When we think of asset management, we often picture the equipment that needs to be tracked, but the wiring, pipes, and cables that connect them are just as important. The average commercial building has an incredible amount of cables and pipes running throughout the facility, and most of them should be marked for safety, regulatory, or identification purposes.
In this post, we’ll review some of the most important considerations to weigh before purchasing cable and wire markers for your facilities. Since wires and cables are often placed in discreet locations that are most convenient for storage purposes, visibility and access to markers can be a challenge. Therefore, you’ll need to carefully consider the specific marking applications and the environments in which the markers will be used.
Understanding Your Application
Cable and wire markers come in a wide variety of designs, and it’s always best to outline your application needs before going too far with a specific marker material. Changing your markers and labels after installation can be a costly and time-consuming process. In addition, markers could become damaged or detached over time if they’re incompatible with the environmental conditions. These factors are some of the most important to consider when considering a new wire marking application.
Take some time to think through the environmental conditions that are present both in the cable storage area and also anywhere the item may be transported. Factories and warehouses often have many potential chemical, impact, and moisture hazards. Exposure to extreme temperatures may be a possibility in some areas. Understanding these potential conditions will make it much easier to choose a label or marker material that’s durable enough for the environment.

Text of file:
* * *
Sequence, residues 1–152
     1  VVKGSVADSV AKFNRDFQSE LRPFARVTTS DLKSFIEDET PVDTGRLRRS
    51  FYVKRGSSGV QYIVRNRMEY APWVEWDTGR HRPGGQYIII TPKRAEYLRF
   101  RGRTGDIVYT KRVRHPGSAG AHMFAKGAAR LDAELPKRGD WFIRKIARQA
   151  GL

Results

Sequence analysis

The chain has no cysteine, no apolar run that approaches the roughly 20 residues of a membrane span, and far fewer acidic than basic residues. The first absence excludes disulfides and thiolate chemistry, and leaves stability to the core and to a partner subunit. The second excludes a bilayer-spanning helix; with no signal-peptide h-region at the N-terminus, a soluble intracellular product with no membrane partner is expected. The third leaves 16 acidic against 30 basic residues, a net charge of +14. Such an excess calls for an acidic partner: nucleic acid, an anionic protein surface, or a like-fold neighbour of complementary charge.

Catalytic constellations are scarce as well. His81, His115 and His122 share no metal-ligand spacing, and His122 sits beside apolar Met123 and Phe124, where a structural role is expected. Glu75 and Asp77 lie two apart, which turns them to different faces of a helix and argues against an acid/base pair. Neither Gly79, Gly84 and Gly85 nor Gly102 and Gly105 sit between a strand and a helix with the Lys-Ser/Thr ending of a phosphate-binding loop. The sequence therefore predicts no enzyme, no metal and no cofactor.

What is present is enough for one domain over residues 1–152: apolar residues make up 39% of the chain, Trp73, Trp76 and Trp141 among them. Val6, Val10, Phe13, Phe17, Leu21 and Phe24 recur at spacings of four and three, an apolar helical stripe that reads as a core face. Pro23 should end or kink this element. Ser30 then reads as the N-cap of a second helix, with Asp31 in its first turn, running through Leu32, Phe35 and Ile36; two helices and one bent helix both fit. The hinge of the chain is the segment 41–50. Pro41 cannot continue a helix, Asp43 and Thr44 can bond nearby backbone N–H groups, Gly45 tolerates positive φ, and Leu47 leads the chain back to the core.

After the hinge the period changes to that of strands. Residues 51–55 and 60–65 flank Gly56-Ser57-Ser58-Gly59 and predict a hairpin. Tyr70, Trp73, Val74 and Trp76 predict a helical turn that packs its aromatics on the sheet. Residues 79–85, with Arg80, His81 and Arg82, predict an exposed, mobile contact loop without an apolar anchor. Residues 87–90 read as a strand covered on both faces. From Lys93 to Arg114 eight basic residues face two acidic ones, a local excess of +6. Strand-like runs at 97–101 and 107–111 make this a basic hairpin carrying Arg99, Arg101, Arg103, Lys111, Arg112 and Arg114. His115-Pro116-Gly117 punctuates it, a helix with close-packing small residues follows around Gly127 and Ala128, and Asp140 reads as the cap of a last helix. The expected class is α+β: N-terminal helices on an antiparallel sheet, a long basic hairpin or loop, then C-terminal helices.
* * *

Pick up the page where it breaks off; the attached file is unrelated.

Many industries are governed by regulatory bodies that control standards for protecting employees, businesses, and the general public. One example is the Underwriters Laboratory (UL) and UL 969, which is the standard for labels and markings required for many devices, appliances, and equipment units sold in the United States. In addition to industry standards and specifications, you should also check local, state, and federal government laws and regulations to see if your business may be subject to additional requirements.
Carefully review the diameter, length, and locations of all the cables and wires you intend to mark. The size of a particular wire usually dictates the proper attachment method and appropriate size for the marker. It’s crucial to match the size of your marker with the wire to reduce readability issues after installation.
You’ll also need to decide the mark placement location on cables and wires. Some markers can be installed before the termination and installation of the wire. For cables that have already been installed, it’s usually best to avoid any major bends or curves and find a straight section for labeling. You should also consider what information is needed on the label, such as a barcode or safety warnings, and if the marker will be removable or permanently installed.
Reviewing Marker Types and Design Options
With your requirements well defined, selecting a particular marker is a much easier process. Because of the curved surface of wires, it may be most convenient to select a flexible material such as anodized aluminum foil, vinyl, polycarbonate, or polyester so that the marker can be attached directly to the surface. For these installations, a high-performance, permanent pressure-sensitive adhesive is often recommended as the attachment method.
Additional cable marker styles, such as a flag or tag, can be connected to wires using straps. This option allows you to use a more rigid and durable material, such as Metalphoto® aluminum, while still securing a strong attachment. Sleeves and wrap-around markers are two additional styles that are popular for cable and wire labeling applications.
Selecting the size, colors, and graphics for your cable markers depends on your application’s specifications. Using a barcode or QR code for scanning is a useful way to automate your inventory and asset management workflows, allowing for streamlined documentation. Key parameters such as the scanning distance should be assessed to determine a proper label size. Colors may be used on cable labels and tags for aesthetic purposes or to clearly differentiate different types of cables and wires.
Choosing an optimal marker for your cables and wires is a simple process with some upfront planning and organization. With an effective cable management program, markers help to streamline cable maintenance and inventory processes. There are a number of different wire and cable markers available, so it’s crucial to confirm the design’s suitability for your particular application before making a purchase.